The WordPress Forums Nonprofits Should Know

There are so many places to learn and talk about WordPress, but which are best and most nonprofit-focused?

Whenever you need WordPress advice, make sure to use the right forum depending on the topic of your post. Some forums focus on support while others are more for community or high-level discussions. All of them, will help you get better at using WordPress!

Talk WordPress with Other Nonprofit Staff

As a WordPress user, you’re a member of a huge community of users that can support each other! Hearing from and sharing with other nonprofit staff using WordPress helps you stay up-to-date on trends and not feel alone when your donate button is broken and it’s December 28!

The Nonprofit Technology Network’s (NTEN) WordPress Community has a great forum specifically for nonprofit WordPress users and consultants.

If you’re frequently on Facebook, check out the WordPress for Nonprofits group started by the people behind the Give WordPress plugin for donations.

Get WordPress Help

When it comes to getting WordPress help, always start with the forum for the specific theme or plugin giving you trouble.

If you use a free theme or plugin hosted on, those each have support forums linked to from the theme/plugin home page.

If you paid for a theme or plugin, they should have a specific support forum or email address. Going straight to the person who built what’s broken is the fastest route to a fixed site.

Developers writing code for WordPress should make the WordPress StackExchange Q&A site their go-to source for searching for and asking questions about WordPress code.

Local Communities

Beside connecting with other nonprofit staff, you may want to connect with other local users of WordPress. There are over 400,000 members of WordPress Meetups around the world, so go see if there’s a meetup near you! Many meetups will have message boards or Slack teams (a popular chat service) that can offer additional support and camaraderie when you’re not there in person

Finally, look for a WordCamp conference near you. WordCamps are extremely valuable and affordable professional development where you can connect with other users.

Something for Everyone

Whether you need technical support or just to rant about a nasty comment on your blog, online WordPress communities can help keep you sane and constantly improving your site.

Convinced and ready to join? Here’s the full list of recommendations:

The Building Blocks of WordPress

Of the three recent additions to this site, the WordPress 101 for Nonprofits page is probably the most exciting.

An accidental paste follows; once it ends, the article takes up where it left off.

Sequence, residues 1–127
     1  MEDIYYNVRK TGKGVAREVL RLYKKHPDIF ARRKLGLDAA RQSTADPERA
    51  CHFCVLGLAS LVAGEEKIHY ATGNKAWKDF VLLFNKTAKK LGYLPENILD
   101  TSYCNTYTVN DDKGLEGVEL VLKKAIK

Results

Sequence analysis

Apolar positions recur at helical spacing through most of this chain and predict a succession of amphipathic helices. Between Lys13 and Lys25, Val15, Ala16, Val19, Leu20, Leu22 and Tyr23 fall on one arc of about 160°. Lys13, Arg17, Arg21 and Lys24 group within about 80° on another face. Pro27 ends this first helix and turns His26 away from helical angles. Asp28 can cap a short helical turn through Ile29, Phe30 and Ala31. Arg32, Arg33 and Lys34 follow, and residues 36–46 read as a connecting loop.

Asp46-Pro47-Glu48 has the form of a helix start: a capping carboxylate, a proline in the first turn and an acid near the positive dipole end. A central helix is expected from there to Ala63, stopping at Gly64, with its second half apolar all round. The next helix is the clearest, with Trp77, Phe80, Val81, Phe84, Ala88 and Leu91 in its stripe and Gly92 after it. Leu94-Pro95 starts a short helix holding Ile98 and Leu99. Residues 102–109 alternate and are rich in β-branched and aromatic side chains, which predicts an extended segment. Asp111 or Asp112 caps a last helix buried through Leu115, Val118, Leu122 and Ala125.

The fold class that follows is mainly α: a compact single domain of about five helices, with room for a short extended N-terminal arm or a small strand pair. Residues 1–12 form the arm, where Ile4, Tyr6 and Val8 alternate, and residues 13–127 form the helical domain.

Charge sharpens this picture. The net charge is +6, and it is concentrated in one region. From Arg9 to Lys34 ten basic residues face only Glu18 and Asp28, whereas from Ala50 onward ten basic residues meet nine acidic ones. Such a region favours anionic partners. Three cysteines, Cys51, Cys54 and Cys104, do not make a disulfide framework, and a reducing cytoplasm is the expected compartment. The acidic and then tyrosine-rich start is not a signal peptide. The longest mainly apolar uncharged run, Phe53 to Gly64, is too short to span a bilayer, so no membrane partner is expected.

Why? It’s a great overview of the entire site for new users, but it also has the first Nonprofit WP infographic to help readers really grasp the component parts of WordPress.

The Building Blocks of WordPress: Five interlocking blocks from the top show the theme for design, plugins for features, media files stored on the server, the database with text content and settings, and WordPress "core" files powering the whole site.

Let’s quickly go through each piece of the WordPress tower from bottom-to-top to really understand it.

Know that like most things on this site, this graphic focuses on “self-hosted” WordPress and not For those unfamiliar with the difference, here’s our explainer.

WordPress Core

The “core” files of WordPress are what make everything else work. You can download them for free on and install on your website host.

WordPress is often described as a solid foundation for a website, and this graphic takes that description literally! It’s a foundation because nothing works without it and also because it allows you build a million variations of different designs and website features based on your needs.


The second part of a standard WordPress site installation is the database. While everyone who installs WordPress has the same “core” files, the information stored in the database is what makes the site yours. The database contains all the settings and information on your site. That means things like:

  • Your website’s timezone
  • Your username, email, password (securely encrypted!), and preferred administrative color scheme
  • The title, body field, excerpt, and publication date of your very first blog post
  • The title, caption, and alternative text for your images (Speaking of which…)